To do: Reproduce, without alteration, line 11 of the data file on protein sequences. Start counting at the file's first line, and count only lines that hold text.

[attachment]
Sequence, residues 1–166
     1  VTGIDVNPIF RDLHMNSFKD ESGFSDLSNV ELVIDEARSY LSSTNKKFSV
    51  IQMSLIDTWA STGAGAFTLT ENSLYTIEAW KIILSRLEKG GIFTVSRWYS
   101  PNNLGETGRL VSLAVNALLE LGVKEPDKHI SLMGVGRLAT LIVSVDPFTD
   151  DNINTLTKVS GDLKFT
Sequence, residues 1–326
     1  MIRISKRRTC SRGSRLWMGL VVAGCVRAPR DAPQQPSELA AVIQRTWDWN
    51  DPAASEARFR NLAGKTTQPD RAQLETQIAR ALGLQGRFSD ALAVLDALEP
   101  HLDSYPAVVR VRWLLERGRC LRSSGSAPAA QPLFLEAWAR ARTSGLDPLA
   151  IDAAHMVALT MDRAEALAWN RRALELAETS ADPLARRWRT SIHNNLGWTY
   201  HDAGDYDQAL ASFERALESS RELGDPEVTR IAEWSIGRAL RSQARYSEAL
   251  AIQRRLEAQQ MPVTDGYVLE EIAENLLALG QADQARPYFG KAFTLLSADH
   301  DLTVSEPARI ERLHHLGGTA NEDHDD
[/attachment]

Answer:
   201  HDAGDYDQAL ASFERALESS RELGDPEVTR IAEWSIGRAL RSQARYSEAL